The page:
Most of us long ago accepted that we would have to pay to play in our national forests. They are chronically underfunded by a stingy Congress, and don’t generate enough revenue through activities such as timber sales to cover operational costs.
So, we pay usage fees at recreational sites such as trailheads, campgrounds, fire lookouts, picnic areas and other sites for the privilege of enjoying the great outdoors that, as citizens, we jointly own. A few places have remained free of charge, but increasingly that’s an unrealistic expectation.
For the most part, it seems fair that we should contribute toward the continued availability of these national treasures. There is a cost associated with everything we do in the forest. Trails must be maintained, signage repaired and kept up to date. Trailheads need adequate parking and functioning toilets. Some areas provide drinking water, others need garbage hauled away.
Then there is the person-power required to keep it all functioning smoothly for the millions of visitors who head for the woods each year. That includes people in the field — at the campgrounds and on the trails —as well as administrative staff.
None of those costs is decreasing. And delayed maintenance is more-expensive maintenance, as trails and facilities further deteriorate.
Financial reality is overtaking the U.S. Forest Service, and none of us should be surprised. For the first time in more than 10 years, the Forest Service is proposing a range of usage fee increases at sites throughout the area we are most familiar with, the Okanogan-Wenatchee National Forest. In some cases, fees would go up just a few bucks, say from $8 to $10. Others would increase more dramatically.
The public will have a say in all this (for information about how to participate, see story on page A1). Decisions are a ways off, and implementation would be even farther out. But this may be the last summer that we’ll see the existing fees in effect.
It’s hard to argue that the proposed changes don’t have any justification. How many things can you think of that cost the same now as they did in 2010? What’s a reasonable cost is always going to be subjective.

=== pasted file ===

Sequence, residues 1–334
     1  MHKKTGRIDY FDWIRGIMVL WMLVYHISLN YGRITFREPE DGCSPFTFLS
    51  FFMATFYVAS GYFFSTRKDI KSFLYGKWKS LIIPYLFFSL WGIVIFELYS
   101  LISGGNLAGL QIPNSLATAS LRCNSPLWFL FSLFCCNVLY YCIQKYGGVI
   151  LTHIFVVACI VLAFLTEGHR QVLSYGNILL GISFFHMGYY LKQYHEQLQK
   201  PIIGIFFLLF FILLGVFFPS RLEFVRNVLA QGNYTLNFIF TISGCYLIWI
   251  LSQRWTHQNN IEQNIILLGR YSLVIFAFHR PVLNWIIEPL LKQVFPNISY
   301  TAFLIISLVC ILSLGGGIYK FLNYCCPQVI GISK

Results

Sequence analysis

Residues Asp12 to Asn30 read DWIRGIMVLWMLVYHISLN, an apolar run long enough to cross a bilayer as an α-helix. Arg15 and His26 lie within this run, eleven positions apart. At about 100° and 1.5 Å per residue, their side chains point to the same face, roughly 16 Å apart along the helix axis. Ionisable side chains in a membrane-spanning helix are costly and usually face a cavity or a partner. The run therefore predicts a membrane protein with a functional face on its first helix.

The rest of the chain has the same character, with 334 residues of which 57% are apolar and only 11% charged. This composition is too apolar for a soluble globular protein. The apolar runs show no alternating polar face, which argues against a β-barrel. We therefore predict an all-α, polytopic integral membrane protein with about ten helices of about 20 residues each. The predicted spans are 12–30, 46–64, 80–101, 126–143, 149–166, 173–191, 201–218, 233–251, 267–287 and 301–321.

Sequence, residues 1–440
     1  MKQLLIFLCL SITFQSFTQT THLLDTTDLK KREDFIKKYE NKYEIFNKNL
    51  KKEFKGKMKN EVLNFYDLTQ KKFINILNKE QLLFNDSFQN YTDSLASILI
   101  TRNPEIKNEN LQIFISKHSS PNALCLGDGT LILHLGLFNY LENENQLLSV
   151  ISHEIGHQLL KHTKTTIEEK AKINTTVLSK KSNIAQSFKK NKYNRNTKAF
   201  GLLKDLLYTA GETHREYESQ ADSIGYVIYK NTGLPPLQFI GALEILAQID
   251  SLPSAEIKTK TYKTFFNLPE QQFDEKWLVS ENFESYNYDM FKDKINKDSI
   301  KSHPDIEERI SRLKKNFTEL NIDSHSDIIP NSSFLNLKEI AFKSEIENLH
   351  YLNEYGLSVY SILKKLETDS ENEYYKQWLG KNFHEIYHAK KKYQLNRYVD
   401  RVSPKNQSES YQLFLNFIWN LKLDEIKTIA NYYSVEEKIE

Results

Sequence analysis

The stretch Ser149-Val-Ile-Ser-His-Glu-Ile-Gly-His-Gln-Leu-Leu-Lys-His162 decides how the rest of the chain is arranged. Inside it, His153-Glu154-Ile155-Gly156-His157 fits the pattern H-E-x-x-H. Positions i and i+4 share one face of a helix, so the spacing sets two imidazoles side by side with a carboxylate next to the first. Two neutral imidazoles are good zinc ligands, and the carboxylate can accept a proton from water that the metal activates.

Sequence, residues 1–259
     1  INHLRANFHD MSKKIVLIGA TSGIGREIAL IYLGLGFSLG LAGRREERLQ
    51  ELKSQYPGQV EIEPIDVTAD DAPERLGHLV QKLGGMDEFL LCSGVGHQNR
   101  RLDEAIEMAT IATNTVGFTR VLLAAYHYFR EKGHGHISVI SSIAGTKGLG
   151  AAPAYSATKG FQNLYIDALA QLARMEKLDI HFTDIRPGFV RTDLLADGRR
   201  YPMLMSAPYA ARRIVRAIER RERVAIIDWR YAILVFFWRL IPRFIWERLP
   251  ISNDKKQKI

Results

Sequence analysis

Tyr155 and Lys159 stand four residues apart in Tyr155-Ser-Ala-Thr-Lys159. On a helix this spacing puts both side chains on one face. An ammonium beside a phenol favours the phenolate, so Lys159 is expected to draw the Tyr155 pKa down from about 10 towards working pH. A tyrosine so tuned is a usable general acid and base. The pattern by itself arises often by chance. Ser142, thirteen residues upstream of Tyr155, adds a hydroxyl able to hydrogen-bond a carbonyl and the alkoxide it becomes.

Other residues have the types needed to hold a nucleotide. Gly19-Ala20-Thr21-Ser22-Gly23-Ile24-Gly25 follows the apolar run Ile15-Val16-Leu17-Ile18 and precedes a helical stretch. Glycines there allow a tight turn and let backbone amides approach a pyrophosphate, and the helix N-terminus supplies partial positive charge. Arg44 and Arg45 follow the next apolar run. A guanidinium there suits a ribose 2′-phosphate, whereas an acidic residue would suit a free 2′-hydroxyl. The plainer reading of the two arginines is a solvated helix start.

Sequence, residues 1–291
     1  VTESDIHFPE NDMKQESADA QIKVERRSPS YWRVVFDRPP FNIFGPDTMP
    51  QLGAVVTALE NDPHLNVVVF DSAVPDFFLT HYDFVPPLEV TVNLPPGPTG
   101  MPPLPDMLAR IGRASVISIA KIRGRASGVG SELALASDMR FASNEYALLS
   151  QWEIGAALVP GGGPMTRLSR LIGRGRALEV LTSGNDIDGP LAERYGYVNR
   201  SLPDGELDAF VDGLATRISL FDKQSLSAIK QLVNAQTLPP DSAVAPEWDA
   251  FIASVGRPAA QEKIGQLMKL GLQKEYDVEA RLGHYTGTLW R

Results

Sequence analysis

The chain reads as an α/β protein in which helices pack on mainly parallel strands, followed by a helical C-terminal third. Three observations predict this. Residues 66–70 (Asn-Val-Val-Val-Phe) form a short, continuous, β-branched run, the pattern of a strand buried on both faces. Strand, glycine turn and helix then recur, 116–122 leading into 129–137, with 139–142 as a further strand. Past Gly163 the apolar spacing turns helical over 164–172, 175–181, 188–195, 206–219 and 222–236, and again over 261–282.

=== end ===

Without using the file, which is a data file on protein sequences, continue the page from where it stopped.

It’s natural to ask how the fee proposals might affect the Methow Valley, which relies so heavily on tourism traffic — much of it headed resolutely for the woods.
Could the fee increases mean the difference between some people recreating, or not? Higher prices might not be a big deterrent to visitors, but they could be off-putting to locals who like to enjoy the 90% of this valley that is publicly owned. Directly or tangentially, we all rely on tourism dollars recirculating through the community.
Valley residents have never been shy about speaking up when our interests are at stake. Take a look at the proposed changes, and take advantage of the process to offer your thoughts — and make them thoughtful. Ultimately, we’ll each need to answer a fundamental question about how our national forests operate and what they provide: What’s it worth to you?
The 12th men
The liberal-leaning Methow Valley was well served by the three Republicans in its 12th District delegation in the Washington state Legislature during the recently completed session. Sen. Brad Hawkins and Reps. Mike Steele and Keith Goehner each had some role in promoting legislation beneficial to the region and by extension the valley, Hawkins in particular. And it can’t escape notice that the Methow enjoyed some late-session largesse in the form of a $1.5 million capital appropriation to help finish the Twisp civic building, and another $2 million in capital funds to support formation of local water banks. Those things don’t happen without the backing of your representatives. They deserve our thanks.
Hawkins and Steele have been especially attentive to the valley and are comfortable being here. Goehner was comparatively distant early on but is getting more familiar with us.
You may disagree with some of their votes on statewide issues when they stick closer to party lines. Hawkins, Steele and Goehner were often at odds with their Democratic colleagues and Gov. Jay Inslee on legislative actions. But local government officials and organizational leaders don’t care much about that “R” behind the representatives’ names if they are being heard and our community’s needs are being taken seriously.
Would that politics worked that well in the rest of the country.